British Indians raise their concerns to Parliament
London–The Indo-British All-Party Parliamentary Group hosted The 1928 Institute, a think-tank led by academics from the University of Oxford, to brief on the COVID-19 crisis in India.
The group presented to Parliamentarians on:
- i) Public health data: infection and death rate projections
- ii) UK assistance: what the Government is going and what British Indians are doing
iii) Impact on British Indians: emotional distress yet comradery is developing
- iv) British Indian plight: call for collaboration and assistance
The group used data from their seminal COVID Report which was published earlier this year to inform parliamentarians.
– 1 in 5 British Indians would not take a COVID-19 vaccine as they would rather their vaccine or dose was given to someone more vulnerable, including those in India.
The group also highlighted that British Indians may go to India to assist their relatives, many of whom are elderly. This humanitarian act will have repercussions in the UK as people return home. Thus, the UK must act swiftly and decisively, otherwise, risk additional virus strains being brought home.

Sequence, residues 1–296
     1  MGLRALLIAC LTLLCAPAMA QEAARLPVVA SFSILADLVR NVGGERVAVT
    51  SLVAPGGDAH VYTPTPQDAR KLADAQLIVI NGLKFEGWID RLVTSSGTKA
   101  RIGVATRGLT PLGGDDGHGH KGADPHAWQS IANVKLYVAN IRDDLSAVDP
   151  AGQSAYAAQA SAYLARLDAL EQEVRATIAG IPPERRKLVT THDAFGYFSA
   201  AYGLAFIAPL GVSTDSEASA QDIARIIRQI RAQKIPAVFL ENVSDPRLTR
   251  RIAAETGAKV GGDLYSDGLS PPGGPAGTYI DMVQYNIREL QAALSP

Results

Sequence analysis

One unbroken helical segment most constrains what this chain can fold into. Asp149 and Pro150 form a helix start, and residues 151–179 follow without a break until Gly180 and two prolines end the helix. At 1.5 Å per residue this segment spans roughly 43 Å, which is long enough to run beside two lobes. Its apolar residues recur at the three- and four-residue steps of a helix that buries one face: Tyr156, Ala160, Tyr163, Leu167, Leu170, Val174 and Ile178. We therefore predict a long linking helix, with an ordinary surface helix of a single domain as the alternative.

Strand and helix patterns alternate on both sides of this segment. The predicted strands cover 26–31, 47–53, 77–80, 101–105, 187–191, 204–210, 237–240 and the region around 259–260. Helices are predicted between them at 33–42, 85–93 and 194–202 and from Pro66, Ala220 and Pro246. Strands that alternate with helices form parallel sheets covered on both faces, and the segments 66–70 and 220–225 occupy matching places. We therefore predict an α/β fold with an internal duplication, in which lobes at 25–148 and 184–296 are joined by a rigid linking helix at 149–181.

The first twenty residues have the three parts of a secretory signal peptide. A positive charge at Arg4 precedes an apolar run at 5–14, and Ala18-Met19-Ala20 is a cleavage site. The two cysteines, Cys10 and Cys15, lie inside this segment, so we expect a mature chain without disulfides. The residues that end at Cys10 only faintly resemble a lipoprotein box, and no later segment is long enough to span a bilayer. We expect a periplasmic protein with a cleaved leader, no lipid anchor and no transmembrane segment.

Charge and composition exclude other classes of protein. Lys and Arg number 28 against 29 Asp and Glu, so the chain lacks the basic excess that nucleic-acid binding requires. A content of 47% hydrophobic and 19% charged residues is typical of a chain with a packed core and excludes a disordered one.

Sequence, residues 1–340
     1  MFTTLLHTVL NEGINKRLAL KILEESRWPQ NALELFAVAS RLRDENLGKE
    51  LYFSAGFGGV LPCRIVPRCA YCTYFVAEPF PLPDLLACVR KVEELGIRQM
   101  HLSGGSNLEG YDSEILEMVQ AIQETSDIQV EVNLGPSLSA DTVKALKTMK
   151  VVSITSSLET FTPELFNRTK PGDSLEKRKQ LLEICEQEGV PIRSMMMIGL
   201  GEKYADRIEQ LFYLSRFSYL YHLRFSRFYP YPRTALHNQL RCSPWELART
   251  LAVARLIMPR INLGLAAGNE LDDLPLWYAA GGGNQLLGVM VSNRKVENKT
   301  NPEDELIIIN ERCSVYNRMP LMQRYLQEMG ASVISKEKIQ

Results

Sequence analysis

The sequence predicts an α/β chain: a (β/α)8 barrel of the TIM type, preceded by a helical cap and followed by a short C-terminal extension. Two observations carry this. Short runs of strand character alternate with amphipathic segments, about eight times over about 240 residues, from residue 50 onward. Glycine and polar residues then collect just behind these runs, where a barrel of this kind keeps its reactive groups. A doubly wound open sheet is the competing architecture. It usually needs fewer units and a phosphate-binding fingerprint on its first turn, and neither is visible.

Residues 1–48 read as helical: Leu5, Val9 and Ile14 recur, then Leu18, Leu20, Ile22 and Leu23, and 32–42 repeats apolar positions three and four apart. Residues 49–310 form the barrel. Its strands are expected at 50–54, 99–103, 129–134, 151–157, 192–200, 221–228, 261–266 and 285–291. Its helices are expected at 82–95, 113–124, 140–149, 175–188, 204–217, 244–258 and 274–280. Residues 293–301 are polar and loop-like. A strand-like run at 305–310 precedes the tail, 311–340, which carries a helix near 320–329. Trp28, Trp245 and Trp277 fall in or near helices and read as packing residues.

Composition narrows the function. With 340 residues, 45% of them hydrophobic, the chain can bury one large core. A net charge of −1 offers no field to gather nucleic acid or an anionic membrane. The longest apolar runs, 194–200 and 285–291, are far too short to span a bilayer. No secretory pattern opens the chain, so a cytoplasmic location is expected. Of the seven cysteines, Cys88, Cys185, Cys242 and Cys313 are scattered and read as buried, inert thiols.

“Good policymaking requires clear knowledge and understanding. The Indian diaspora in the UK is a rich tapestry committed to the best for society, but government and policymakers are letting them down with outdated and blanket assumptions. This report can fix that.” Virendra Sharma, Chair of the Indo-British APPG stated in the meeting.
‘‘British Indians are organising to support organisations and community groups to ensure they can send as much help and assistance to the people of India, where many have strong family ties. Not only is it our moral obligation to assist our close friend, India, but swift action may also mitigate the chance of COVID-19 strains permeating their way to our shores.” Baroness Verma, Chair of UN Women (UK) stated.
Kiran Kaur Manku, an academic at the University of Oxford and co-founder of the 1928 Institute stated that “It is heart-breaking to see this preventable impact of the COVID-19 pandemic across India. It is particularly distressing for much of the Indian diaspora who, like myself, have lost loved ones and sacred prayers are denied due to the sheer volume of cremations. In this dire emergency, the UK has a responsibility to assist the plea of British Indians and Indians to mitigate the predicted daily death toll of 4,500 in mid-May. The Government needs to act immediately and provide resources such as oxygen cylinders and concentrators. It is imperative that any UK assistance is inclusive and appropriate, and many British Indian organisations are on hand to collaborate.”